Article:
DAYTONA: Oliver Cotton
Park Theatre on Tour
Runs: 2h 30m, one interval
Review: Alexander Ray Edser, 21 October, Birmingham Rep Theatre
A full evening of in-depth acting reveals a moving play.
There is a current fashion for short plays – fair enough – but many of us fear we are losing sight of a well structured full-length play . . . . and the excitement of watching skilled actors who can hold our attention for long periods. In which case, you could say DAYTONA is old-fashioned, or at least out of fashion, but if this is true fashionistas are losing out.
DAYTONA is two and a half hours of three-handed drama. This story of cruelty and love, of compromise in an imperfect world, of moving on, of making the best of what we have, unfolds in the sure hands of the three actors. The play has the added strength that this is a story of three older characters; their joys and suffering span many years – there is plenty to engage us in this very human and poignant play.
There’s something Ibsenesque about Oliver Cotton’s play. A stranger (Billy the younger brother) returns to his family; terrible truths emerge or are freshly revealed. This causes the characters to examine the truth of their shared lives; and, just as in Ibsen, truth does not necessarily equate with a better life.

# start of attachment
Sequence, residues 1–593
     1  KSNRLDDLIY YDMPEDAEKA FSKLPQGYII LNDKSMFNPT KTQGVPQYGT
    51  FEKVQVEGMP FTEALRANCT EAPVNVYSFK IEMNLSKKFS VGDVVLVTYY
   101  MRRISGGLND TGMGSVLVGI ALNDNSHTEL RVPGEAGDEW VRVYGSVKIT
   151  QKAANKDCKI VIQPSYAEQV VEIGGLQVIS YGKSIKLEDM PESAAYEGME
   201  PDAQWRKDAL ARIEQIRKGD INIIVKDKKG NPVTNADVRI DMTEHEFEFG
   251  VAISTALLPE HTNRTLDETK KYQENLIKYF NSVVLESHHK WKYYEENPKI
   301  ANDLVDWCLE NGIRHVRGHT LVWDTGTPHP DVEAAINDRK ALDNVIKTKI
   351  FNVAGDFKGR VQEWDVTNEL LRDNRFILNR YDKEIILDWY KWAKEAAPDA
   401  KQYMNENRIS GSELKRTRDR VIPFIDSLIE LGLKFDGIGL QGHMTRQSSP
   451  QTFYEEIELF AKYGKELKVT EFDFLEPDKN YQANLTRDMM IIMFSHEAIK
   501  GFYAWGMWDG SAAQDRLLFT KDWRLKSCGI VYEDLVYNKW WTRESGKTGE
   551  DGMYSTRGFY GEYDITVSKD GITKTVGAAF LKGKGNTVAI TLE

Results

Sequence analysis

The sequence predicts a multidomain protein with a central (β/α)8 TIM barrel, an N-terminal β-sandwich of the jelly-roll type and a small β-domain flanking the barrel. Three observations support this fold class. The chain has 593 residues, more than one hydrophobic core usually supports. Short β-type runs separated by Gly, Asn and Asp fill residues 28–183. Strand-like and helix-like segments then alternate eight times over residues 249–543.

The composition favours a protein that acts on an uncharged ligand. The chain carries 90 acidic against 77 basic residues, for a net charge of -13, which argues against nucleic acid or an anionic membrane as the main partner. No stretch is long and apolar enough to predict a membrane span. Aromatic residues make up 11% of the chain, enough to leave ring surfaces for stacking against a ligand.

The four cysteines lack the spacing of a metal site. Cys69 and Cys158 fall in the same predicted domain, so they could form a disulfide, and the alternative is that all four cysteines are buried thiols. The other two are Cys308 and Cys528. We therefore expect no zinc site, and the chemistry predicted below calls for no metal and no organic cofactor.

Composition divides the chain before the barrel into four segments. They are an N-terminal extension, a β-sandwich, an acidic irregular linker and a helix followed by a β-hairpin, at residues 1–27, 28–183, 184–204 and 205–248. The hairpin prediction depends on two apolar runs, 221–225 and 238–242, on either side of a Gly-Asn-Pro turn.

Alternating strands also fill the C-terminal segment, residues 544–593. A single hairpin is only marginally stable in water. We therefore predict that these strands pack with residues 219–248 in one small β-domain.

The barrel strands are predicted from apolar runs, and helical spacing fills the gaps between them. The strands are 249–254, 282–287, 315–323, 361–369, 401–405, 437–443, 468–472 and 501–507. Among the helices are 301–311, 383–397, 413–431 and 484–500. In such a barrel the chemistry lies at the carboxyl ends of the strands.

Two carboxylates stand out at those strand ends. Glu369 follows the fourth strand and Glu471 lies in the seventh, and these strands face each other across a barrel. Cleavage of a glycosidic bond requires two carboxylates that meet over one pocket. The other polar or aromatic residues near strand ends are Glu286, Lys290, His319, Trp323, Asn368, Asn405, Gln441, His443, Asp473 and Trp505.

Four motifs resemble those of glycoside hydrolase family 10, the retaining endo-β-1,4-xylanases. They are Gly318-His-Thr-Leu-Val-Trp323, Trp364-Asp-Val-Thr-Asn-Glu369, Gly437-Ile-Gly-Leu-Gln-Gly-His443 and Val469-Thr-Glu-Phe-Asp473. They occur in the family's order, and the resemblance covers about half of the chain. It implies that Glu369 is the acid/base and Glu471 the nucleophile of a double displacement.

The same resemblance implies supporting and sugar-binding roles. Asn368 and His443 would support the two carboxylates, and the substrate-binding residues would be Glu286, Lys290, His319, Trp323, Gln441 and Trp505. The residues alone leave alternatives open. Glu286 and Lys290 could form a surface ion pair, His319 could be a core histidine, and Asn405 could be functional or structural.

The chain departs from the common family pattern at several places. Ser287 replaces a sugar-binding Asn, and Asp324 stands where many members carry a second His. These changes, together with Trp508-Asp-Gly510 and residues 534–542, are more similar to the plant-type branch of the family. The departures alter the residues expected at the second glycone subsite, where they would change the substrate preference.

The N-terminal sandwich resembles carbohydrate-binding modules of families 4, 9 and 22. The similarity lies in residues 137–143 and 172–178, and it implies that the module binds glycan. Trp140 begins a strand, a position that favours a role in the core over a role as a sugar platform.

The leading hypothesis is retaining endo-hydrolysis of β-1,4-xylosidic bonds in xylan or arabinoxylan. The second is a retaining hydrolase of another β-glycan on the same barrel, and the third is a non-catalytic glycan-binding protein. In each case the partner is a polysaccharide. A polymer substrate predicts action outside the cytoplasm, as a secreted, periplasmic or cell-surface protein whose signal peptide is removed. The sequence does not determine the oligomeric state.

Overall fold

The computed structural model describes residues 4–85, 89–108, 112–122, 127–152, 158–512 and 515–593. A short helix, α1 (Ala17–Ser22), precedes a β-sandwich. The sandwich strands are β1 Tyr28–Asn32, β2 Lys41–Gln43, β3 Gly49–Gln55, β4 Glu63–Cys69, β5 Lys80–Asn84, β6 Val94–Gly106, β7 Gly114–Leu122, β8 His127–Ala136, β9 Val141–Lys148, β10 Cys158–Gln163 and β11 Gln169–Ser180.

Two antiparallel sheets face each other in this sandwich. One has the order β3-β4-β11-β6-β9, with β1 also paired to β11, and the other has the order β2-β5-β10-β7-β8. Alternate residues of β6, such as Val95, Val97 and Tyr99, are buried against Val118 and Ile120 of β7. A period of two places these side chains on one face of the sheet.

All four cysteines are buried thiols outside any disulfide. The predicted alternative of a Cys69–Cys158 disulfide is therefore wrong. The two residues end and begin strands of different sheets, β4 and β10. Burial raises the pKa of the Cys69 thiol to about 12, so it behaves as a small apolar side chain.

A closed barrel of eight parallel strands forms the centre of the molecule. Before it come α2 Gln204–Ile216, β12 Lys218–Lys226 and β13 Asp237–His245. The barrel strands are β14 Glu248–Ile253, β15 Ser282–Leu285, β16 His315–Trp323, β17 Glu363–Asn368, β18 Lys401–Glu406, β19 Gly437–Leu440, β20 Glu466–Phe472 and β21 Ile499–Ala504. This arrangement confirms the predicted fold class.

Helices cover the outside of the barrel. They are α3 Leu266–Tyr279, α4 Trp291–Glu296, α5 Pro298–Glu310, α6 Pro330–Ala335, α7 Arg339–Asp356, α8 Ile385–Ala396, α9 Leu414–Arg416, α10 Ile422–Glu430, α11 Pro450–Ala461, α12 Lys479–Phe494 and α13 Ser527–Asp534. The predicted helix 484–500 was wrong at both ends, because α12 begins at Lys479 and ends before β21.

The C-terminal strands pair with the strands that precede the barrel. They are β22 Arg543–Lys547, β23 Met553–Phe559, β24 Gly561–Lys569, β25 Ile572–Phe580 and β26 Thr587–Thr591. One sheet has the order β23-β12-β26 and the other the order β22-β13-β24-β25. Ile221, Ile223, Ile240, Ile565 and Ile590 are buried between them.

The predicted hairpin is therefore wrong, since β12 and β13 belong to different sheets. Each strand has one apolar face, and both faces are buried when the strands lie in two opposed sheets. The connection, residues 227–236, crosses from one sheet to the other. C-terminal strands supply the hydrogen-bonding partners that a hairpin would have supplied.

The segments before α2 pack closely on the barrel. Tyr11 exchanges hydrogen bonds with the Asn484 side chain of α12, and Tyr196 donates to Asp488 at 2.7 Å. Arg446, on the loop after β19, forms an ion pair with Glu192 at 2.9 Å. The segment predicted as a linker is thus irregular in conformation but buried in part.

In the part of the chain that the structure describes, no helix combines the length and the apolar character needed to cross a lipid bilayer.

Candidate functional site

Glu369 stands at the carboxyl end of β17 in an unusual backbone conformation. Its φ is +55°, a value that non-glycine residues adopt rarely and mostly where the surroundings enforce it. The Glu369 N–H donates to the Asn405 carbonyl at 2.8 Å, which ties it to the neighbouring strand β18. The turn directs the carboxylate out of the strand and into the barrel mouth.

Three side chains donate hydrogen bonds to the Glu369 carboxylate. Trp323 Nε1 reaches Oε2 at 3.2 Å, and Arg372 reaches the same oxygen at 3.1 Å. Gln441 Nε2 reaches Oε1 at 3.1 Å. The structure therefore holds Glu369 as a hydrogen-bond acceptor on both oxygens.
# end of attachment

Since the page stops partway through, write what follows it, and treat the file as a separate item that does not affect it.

Maureen Lipman skilfully understates Elli to begin with; this gives her plenty of room to expand into a steely and equal member of the trio as her character lives through her journey. Lipman exhibits all her comedic skill, mining the gentle humour to be found from the script, but never at the expense of it.
Harry Shearer and John Bowe (brothers Joe and Billy) complement each other perfectly and the fireworks, when they explode, crackle and bang with exciting ferocity.
Oliver Cotton, in his script, celebrates our need to compromise, explores with confidence the complexities of our lives. As Elli says, talking of love: ‘It wasn’t perfect – but then what is?’
Elli: Maureen Lipman
Joe: Harry Shearer
Billy: John Bowe
Director: David Grindley
Designer: Ben Stones
Lighting Designer: Jason Taylor
Sound Designer: Fergus O’Hare
Choreographer: Francesca Jaynes
Accent Coach: Tim Charrington